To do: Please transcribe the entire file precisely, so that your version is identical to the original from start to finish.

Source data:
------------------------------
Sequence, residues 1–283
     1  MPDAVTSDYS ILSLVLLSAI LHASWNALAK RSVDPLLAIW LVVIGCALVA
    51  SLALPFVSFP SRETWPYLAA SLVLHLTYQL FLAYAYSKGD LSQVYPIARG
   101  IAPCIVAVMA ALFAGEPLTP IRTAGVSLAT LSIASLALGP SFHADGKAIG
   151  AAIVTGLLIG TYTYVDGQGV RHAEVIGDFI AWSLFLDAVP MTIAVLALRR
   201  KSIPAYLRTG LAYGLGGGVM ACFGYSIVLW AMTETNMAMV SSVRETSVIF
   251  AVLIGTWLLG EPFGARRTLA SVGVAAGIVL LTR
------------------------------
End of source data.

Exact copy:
Sequence, residues 1–283
     1  MPDAVTSDYS ILSLVLLSAI LHASWNALAK RSVDPLLAIW LVVIGCALVA
    51  SLALPFVSFP SRETWPYLAA SLVLHLTYQL FLAYAYSKGD LSQVYPIARG
   101  IAPCIVAVMA ALFAGEPLTP IRTAGVSLAT LSIASLALGP SFHADGKAIG
   151  AAIVTGLLIG TYTYVDGQGV RHAEVIGDFI AWSLFLDAVP MTIAVLALRR
   201  KSIPAYLRTG LAYGLGGGVM ACFGYSIVLW AMTETNMAMV SSVRETSVIF
   251  AVLIGTWLLG EPFGARRTLA SVGVAAGIVL LTR